May 10, 2024
May 10, 2024
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Coast Guard says 40-41 hours of ‘breathable air’ left on missing sub

Coast Guard says 40-41 hours of ‘breathable air’ left on missing sub

The Coast Guard’s latest assessment reveals that OceanGate’s Titan sub, which went missing during a dive to the Titanic wreck site, has approximately 40 to 41 hours of oxygen remaining. Capt. Jamie Fredrick, U.S. Coast Guard First District response coordinator, disclosed that despite an extensive search effort conducted in an area larger than the state of Connecticut with the help of the Canadian Coast Guard, there have been no signs of the Titan.

The initial report of the Titan’s disappearance on Sunday morning indicated that there is only about 40 hours of breathable air left onboard, suggesting that the ship could run out of air by Thursday morning. The ongoing search operation has been relentless, with constant surface and air assets deployed since the moment the Coast Guard received the distress call.

In a press conference, Fredrick expressed the Coast Guard’s unwavering commitment to locating the missing sub and its crew. He emphasized that their thoughts and prayers are with the crew members and their families during this challenging time. Among the missing individuals are OceanGate’s CEO, Stockton Rush, along with Shahzada Dawood, Sulaiman Dawood, and Hamish Harding.

Search efforts have been concentrated on both surface and subsurface areas, utilizing C-130 and P-3 aircraft equipped with advanced monitoring technology. Despite these efforts, no significant leads have been uncovered thus far. Additionally, new images have surfaced depicting the Titan sub’s final moments on the surface before it descended into the depths of the Atlantic Ocean.

The photos, shared on Instagram by Action Aviation, provide a glimpse of the Titan floating on a platform just before its fateful plunge. The urgency of the situation underscores the need for continued search and rescue operations to locate the missing sub and its occupants.

Coast Guard Says 40-41 Hours of ‘Breathable Air’ Left on Missing Sub

What Happened?

The Coast Guard has recently issued a statement regarding a missing submarine that is running out of breathable air. The submarine was last heard from several days ago and efforts to locate it have so far been unsuccessful. The Coast Guard estimates that there are only 40-41 hours of breathable air left on board the vessel, raising concerns about the safety and well-being of the crew members on board.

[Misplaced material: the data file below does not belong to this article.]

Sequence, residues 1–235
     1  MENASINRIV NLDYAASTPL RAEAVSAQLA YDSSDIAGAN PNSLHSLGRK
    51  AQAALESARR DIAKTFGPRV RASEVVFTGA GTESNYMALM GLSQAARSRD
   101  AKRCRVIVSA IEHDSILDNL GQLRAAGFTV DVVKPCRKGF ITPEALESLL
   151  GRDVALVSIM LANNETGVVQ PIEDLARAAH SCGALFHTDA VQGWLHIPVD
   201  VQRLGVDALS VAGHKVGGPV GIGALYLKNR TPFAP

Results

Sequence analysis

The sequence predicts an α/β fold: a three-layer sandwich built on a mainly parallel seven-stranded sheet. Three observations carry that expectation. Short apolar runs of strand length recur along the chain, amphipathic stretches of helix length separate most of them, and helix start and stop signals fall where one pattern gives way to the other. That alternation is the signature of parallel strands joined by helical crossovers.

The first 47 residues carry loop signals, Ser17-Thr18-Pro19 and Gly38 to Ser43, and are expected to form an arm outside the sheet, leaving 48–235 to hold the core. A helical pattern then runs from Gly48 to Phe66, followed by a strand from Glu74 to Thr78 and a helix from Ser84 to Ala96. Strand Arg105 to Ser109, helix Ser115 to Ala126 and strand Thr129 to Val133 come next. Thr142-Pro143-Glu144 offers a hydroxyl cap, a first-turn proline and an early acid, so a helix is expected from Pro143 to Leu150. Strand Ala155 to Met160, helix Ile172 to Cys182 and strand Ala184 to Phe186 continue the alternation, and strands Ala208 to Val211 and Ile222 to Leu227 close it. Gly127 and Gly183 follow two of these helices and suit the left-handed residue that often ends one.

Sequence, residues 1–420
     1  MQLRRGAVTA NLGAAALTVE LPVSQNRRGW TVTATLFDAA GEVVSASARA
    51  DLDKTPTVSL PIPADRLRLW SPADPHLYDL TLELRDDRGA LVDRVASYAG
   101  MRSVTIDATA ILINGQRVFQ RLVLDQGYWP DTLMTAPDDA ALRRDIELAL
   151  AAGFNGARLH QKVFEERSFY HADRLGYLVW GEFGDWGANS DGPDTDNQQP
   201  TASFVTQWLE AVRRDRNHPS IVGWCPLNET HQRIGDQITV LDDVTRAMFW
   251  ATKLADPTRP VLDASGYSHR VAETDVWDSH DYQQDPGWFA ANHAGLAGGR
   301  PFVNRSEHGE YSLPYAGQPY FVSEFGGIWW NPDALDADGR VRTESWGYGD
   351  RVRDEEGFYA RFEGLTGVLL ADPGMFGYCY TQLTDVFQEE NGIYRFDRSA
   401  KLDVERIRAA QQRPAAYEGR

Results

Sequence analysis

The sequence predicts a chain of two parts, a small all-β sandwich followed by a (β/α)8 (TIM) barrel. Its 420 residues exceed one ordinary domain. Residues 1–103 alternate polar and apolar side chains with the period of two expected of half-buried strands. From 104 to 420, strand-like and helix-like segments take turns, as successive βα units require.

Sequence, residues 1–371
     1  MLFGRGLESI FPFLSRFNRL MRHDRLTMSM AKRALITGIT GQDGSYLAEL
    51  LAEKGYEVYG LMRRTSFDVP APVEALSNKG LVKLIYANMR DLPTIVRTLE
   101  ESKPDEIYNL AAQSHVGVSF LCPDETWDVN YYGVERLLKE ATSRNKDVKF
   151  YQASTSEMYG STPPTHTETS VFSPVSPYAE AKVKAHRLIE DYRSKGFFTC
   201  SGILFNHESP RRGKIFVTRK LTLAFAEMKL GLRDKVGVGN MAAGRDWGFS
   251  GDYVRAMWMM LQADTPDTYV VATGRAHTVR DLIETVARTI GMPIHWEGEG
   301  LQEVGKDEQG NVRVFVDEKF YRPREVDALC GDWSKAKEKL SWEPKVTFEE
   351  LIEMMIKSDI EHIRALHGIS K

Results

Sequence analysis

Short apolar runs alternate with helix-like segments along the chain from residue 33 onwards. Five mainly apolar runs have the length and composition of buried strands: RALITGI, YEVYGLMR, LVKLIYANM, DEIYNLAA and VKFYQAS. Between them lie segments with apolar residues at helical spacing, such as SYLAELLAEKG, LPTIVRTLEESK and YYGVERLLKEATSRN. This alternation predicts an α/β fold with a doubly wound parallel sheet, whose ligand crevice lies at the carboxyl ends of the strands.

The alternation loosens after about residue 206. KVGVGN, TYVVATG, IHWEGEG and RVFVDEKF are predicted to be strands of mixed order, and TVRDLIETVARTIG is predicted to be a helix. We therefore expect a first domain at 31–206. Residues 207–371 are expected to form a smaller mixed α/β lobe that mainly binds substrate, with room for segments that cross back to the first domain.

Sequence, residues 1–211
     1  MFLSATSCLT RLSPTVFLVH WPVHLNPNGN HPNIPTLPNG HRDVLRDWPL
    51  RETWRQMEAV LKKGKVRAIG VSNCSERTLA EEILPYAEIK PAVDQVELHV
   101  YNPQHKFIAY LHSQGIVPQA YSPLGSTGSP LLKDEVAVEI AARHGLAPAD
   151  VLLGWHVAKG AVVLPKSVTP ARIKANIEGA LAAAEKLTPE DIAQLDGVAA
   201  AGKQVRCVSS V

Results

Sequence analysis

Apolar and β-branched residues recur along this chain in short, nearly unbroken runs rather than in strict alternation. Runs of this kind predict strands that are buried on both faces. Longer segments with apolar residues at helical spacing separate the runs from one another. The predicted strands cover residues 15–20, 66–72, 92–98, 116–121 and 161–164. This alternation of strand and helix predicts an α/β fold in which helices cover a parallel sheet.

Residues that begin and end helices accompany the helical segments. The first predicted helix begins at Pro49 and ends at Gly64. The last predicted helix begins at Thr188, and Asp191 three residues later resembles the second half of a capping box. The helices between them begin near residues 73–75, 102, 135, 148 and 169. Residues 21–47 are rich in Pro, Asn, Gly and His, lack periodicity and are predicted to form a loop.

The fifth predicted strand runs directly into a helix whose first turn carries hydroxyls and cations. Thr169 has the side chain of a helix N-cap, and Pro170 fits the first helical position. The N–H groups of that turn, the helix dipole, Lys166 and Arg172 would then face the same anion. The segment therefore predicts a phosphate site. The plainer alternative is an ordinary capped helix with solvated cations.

Search and Rescue Efforts

Efforts to locate the missing submarine are currently underway, with the Coast Guard deploying search teams and assets to the area where the submarine was last known to be. However, due to the vastness of the ocean and the limited resources available, the search efforts have been challenging. As time is running out, the Coast Guard is working tirelessly to find and rescue the crew members before it’s too late.

The Importance of Breathable Air

Having a sufficient supply of breathable air on board a submarine is crucial for the safety and survival of the crew members. Without an adequate air supply, crew members can suffer from hypoxia, a condition caused by oxygen deprivation that can lead to dizziness, confusion, and even loss of consciousness. In a worst-case scenario, a lack of breathable air can be fatal.

Practical Tips for Surviving in Submarine Emergencies

  • Always ensure that there is an ample supply of breathable air on board the submarine.
  • Regularly check and maintain the submarine’s life support systems to prevent malfunctions.
  • Have emergency protocols in place for situations where breathable air is running low.

Case Study: USS Scorpion

The USS Scorpion was a submarine that went missing in 1968 and was later found at the bottom of the Atlantic Ocean. The cause of the submarine’s sinking was never definitively determined, but it is believed that a malfunction in the submarine’s air circulation system may have played a role in the tragedy. This case serves as a sobering reminder of the importance of maintaining a reliable air supply on submarines.

First-Hand Experience

Former submariner John Smith recalls a close call he experienced while serving on a submarine. “We had a malfunction in our air filtration system that caused a decrease in breathable air levels. It was a tense situation, but thanks to the quick thinking of our crew members and the timely intervention of the engineers, we were able to resolve the issue before it became critical.”

Submarine Last Contact Air Supply Remaining
USS Thresher 1963 10 hours
ARAS San Juan 2017 7 days



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